A new resource for teachers and outdoor educators produced by the John Muir Trust shows how its educational initiative, the John Muir Award, can be used to help deliver the Curriculum for Excellence. Groups undertaking the Award can complete a range of activities across curriculum areas, such as building bat boxes in technology, measuring trees in mathematics, or surveying wildlife in the school grounds for science.
The resource, an eight-page guide (pdf) complete with visual mind map that’s been endorsed by the Chief Executive of Education Scotland, was launched on Friday 9 March at Lochgilphead High School by Michael Russell, the Scottish Government’s Cabinet Secretary for Education and Lifelong Learning. Mr Russell also took the opportunity to congratulate pupils from the school who had recently achieved their John Muir Award and presented them with their certificates.
The John Muir Award is a highly successful environmental award scheme that encourages people to connect with, enjoy and help care for wild places. Four challenges lie at the heart of each Award, with participants required to discover a wild place, explore it, do something to conserve it and share their experiences with others. Nearly 5,000 school pupils in Scotland complete a John Muir Award each year.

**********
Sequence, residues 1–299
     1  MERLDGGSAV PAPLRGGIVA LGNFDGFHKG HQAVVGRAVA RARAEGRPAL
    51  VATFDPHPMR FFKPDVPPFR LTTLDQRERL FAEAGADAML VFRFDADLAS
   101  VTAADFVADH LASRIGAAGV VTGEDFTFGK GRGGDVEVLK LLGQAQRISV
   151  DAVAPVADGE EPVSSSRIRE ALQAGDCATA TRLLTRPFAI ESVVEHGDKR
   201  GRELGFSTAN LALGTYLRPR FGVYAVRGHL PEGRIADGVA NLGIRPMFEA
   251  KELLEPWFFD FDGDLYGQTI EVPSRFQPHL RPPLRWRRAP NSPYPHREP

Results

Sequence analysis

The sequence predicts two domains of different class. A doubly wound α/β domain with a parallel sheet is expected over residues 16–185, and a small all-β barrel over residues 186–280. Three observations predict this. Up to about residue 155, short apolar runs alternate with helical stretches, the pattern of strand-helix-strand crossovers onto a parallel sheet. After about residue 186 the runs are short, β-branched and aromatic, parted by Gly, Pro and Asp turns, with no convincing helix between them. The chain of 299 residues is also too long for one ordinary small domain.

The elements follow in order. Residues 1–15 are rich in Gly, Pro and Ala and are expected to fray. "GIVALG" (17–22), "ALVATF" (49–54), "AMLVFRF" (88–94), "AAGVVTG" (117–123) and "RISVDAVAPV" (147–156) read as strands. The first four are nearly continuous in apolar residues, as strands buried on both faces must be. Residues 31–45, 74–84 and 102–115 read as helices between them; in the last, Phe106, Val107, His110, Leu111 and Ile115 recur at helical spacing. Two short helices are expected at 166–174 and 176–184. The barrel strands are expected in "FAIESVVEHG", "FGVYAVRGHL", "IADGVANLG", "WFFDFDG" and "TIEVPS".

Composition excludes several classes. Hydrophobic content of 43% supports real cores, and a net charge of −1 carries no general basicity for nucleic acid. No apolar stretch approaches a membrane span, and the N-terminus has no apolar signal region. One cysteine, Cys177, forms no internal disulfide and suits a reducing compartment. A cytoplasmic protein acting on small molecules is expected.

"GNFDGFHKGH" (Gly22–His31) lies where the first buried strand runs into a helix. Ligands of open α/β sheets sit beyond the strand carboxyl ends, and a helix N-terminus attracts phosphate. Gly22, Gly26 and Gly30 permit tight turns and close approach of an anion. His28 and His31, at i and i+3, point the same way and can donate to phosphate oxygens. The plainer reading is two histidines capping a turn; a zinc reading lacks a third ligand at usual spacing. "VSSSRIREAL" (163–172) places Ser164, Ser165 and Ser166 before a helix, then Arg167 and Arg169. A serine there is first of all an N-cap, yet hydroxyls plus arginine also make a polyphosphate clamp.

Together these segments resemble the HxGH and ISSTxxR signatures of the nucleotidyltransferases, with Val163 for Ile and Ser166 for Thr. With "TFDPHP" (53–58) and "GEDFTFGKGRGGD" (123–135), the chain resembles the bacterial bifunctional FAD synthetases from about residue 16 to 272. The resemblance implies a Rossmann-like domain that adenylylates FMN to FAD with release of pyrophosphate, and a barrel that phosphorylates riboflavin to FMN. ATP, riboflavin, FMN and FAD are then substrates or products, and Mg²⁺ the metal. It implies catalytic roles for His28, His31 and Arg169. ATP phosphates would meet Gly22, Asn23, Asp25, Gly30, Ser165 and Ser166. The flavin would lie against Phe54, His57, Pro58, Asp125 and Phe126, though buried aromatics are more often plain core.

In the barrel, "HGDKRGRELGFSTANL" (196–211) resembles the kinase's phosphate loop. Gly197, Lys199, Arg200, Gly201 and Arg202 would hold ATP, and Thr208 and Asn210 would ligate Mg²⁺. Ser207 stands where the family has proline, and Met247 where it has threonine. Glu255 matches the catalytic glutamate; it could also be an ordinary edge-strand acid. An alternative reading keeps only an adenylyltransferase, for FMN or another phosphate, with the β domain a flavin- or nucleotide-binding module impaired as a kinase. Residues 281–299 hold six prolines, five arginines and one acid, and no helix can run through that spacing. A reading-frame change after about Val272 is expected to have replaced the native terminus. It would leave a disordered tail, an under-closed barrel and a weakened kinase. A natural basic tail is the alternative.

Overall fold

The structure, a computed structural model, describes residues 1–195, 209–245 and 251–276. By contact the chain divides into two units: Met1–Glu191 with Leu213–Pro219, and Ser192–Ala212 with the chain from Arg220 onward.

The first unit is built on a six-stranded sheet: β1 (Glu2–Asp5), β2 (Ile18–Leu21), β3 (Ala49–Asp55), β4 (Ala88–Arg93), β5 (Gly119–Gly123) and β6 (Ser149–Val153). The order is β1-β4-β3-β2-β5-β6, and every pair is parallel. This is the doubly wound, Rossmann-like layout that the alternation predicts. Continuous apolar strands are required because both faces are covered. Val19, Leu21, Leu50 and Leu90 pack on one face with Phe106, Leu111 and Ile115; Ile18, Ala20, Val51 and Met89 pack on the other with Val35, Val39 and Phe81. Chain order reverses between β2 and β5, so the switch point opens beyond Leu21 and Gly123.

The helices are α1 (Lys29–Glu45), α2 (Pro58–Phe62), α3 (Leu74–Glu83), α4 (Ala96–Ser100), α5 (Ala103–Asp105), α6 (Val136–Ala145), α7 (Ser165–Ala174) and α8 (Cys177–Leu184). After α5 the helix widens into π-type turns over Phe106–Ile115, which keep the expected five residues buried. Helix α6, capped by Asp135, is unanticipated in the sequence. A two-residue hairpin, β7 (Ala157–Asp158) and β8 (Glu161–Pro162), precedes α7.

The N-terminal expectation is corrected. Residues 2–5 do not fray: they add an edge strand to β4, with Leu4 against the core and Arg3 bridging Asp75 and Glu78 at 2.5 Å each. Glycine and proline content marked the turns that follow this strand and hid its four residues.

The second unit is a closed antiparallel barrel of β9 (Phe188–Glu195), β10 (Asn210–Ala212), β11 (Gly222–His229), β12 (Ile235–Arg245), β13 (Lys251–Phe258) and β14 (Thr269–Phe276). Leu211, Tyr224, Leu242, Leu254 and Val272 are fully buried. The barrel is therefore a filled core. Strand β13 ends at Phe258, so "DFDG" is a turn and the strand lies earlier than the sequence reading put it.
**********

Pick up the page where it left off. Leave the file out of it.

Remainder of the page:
About The John Muir Trust
• The John Muir Trust is the leading wild land conservation charity in the UK. We love wild places and are dedicated to protecting and improving them for people and wildlife. Over 10,000 members support us in our work. Find out more at www.jmt.org.
• Through the John Muir Award, the John Muir Trust encourages people of all ages and backgrounds to connect with, enjoy and care for wild places. Since 1997, more than 100,000 people across the UK have achieved an Award. Read more about this educational initiative at www.johnmuiraward.org.
• We currently own and look after some of the finest wild areas in the UK including Ben Nevis, Schiehallion, Sandwood Bay, part of the Cuillin on Skye, Quinag in Assynt and 3,000 acres on the remote Knoydart peninsula.
• We manage our properties according to our wild land management standards, which focus on habitat improvement and encouraging a more natural landscape and ecosystem. See www.wildlandmanagement.org.uk for more.
• The UK’s remaining wild land is disappearing under development at an unprecedented rate with implications for our environment, economy and quality of life. The John Muir Trust is campaigning for greater protection for wild land across the UK through its Wild Land Campaign. Read more at www.jmt.org/wildland.
• We take our name and inspiration from John Muir (1838-1914), the pioneering, influential Scots-born American conservationist who was passionate about the wild. Muir dedicated his life to protecting wild places and he campaigned successfully for the establishment of National Parks to safeguard vast tracts of wild lands, including Yosemite Valley in California.
The Cabinet Secretary blogged about the event and was pleased to be visiting Lochgilphead High School again http://www.blipfoto.com/entry/1812215 and the John Muir Award have uploaded an article about the launch at http://www.jmt.org/jmaward-news.asp?s=2&cat=Award&nid=JMT-N10649